Local Community

Performance issues with Local on Windows 10

Thank you - all other solutions (opache, xdebug, firewall, etc) had no effect on page load time - this fixed it and site now loads (almost) instantly.

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None of these worked for me… brand new laptop with AMD Ryzen 74800. (bitdefender exclusions, xdebug turned off, opache settings added…)

I tried everything

  • modify the php
  • modify the wp-config localhost
  • exclude all the folders from avast …

But still, it took me 15mn (15mn !!!) to just deactivate the extension akismet !!!

Any other tips ? Thanks

Well… I thought I was alone in this but thankfully I am not. Yeah, Local has become alarmingly slow and updates for themes or plugins not working at all.

Same here. Tried ALL the solution in this an other posts. No luck!! It’s almost unusable, my AMPPS local environment is 100x faster than Localwp :frowning: but…

if i switch to NGINX, it works fine, it’s not blazing-fast but it’s acceptable!!

Any idea why Apache is running super-slow?
I’m also having the no input specified issue when working with Apache, a PHP version higher than 5.6 and my local-site is on a different drive than C:

at this point I have one noob question :
What happen if i work locally using NGINX and the I migrate the site online on a server using Apache ?

That’s interesting and weird at the same time. I mean, a native application that runs faster in a “virtual” environment says a lot of things, imho. I’ll give it a try as soon as I have some spare time, thx.
p.s.
The “trick” to change DB_HOST from localhost to 127.0.0.1 is working for me. I’ve noticed a good 50% overall boost, mostly notable in the admin page.

I was trying to add \AppData\Local\Programs\Local\resources to my anti-virus exclusions… but that folder doesn’t exist. has that changed? are the executables located somewhere else?

Followed the instructions at Performance issues with Local on Windows 10 and admin pages are still taking 25 seconds. This is pretty much unusable as I am trying to develop something in the admin section.

Is there any other suggestion?

That makes me think that it has something to do with the DNS resolution within Windows – ie, something within the Windows setup is taking a long time to figure out that localhost is the same as the 127.0.0.1 IP address.

@helgatheviking – as a test to see if the Local Router is causing issues, can you try temporararily setting the “Router Mode” to localhost under “Preferences > Advanced?”

I think that it needs a Roaming folder in there. If you use percent signs like this:

%AppData%\Local

It should expand out to:

C:\Users\Username\AppData\Roaming\Local

Thanks @ben.turner!

I have the following added (where Username IS replaced with my actual username):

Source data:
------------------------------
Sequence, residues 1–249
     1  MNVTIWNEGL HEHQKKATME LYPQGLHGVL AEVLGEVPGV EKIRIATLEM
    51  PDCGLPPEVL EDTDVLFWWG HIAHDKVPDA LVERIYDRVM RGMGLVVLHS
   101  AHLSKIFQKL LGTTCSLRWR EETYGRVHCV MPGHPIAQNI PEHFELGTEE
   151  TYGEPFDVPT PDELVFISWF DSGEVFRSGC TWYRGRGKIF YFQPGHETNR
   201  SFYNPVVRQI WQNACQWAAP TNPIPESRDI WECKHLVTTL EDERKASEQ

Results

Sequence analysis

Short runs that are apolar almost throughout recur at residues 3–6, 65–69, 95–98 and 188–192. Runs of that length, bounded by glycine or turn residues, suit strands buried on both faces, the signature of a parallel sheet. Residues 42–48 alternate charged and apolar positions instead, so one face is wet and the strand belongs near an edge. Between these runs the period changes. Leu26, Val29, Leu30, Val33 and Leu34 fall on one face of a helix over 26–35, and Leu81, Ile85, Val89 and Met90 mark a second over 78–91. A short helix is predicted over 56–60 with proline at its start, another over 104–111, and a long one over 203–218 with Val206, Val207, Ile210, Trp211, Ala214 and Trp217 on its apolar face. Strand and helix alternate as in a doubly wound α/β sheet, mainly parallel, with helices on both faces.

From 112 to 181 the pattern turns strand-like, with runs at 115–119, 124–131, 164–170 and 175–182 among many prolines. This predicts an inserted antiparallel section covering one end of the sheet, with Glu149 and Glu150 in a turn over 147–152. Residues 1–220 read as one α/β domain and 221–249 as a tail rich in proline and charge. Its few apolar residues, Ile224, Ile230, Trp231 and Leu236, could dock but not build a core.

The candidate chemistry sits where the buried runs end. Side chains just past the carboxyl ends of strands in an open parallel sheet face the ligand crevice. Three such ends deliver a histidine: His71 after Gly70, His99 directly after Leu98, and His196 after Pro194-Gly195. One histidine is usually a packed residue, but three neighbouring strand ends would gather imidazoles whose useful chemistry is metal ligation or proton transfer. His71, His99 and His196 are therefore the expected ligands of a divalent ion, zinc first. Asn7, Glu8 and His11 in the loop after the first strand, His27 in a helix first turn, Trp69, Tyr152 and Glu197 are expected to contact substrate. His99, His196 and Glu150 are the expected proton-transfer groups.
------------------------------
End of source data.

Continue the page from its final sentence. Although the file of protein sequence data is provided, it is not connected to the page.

C:\Users\Username\AppData\Roaming\Local\*

The other post made it seem like there were two folders to add exclusions for and I was only able to find one.

I changed the Router Mode and now I can’t load the sites at all as they keep redirecting to HTTPS when localhost mode does not support that… even though I have also edited the blog and site URL options in the DB so not possible for me to test if that is making any difference.

A DNS issue makes sense as a potential culprit though.

I’m not able to replicate this slowness on my Windows machine.

A few things that I do when troubleshooting performance issues are ask myself these things:

  • Where in the request is the slowness?
    • What’s the TTFB?
    • Are there lots of slow, client-side requests to third-party urls?

To get more information in a WordPress context, I’ll take a look at the request with Query Monitor installed. This will give us a good breakdown at the slowness of all the things that WordPress goes through when generating a response.

I’ll also be sure to use the Network tab of either Google Chrome or Firefox and see if there are any big issues. Things that come to mind are external request, but also the possibility of the theme making AJAX requests to the local site.

For those of you that are experiencing this slowness, I’d be curious to know what you find when using your site with those two tools. My gut tells me there’s some sort of “helpful” security feature that Windows (or an antivirus) is doing, for example, scanning each request lookup.

Thanks Ben. Does look like some of those tweaks have made a difference after rebooting. Most admin page loads down to 4-5 seconds which is manageable… edit.php screens are a little slower, but that’s ok.

Running the Air Plane mode plugin too.

Here’s why changing ‘localhost’ in wp-config.php works. To be specific:

From

/** MySQL hostname */
define( 'DB_HOST', 'localhost' );

To

define( 'DB_HOST', '127.0.0.1' );

This isn’t a “trick”. Whenever a process sees a name, whether example.tld or localhost, it needs to do a DNS lookup to translate that to an IP Address. The first place it tries in Windows and *nix, including iOS, is /etc/hosts. From there it will attempt to resolve from wherever the local system gets DNS - your local network, your ISP, etc.

But if you look in Windows 10 “C:\Windows\System32\drivers\etc\hosts”, the line is commented out!

# localhost name resolution is handled within DNS itself.
#	127.0.0.1       localhost
#	::1             localhost

The reason for this goes back to Windows Vista, as explained by Sean Earp in this Serverfault thread:

I checked with a developer on the Windows team, and the actual answer is much more innocuous than the other answers to this post :slight_smile:
At some point in the future, as the world transitions from IPV4 to IPV6, IPV4 will be eventually be disabled/uninstalled by companies that want to simplfy network management in their environments.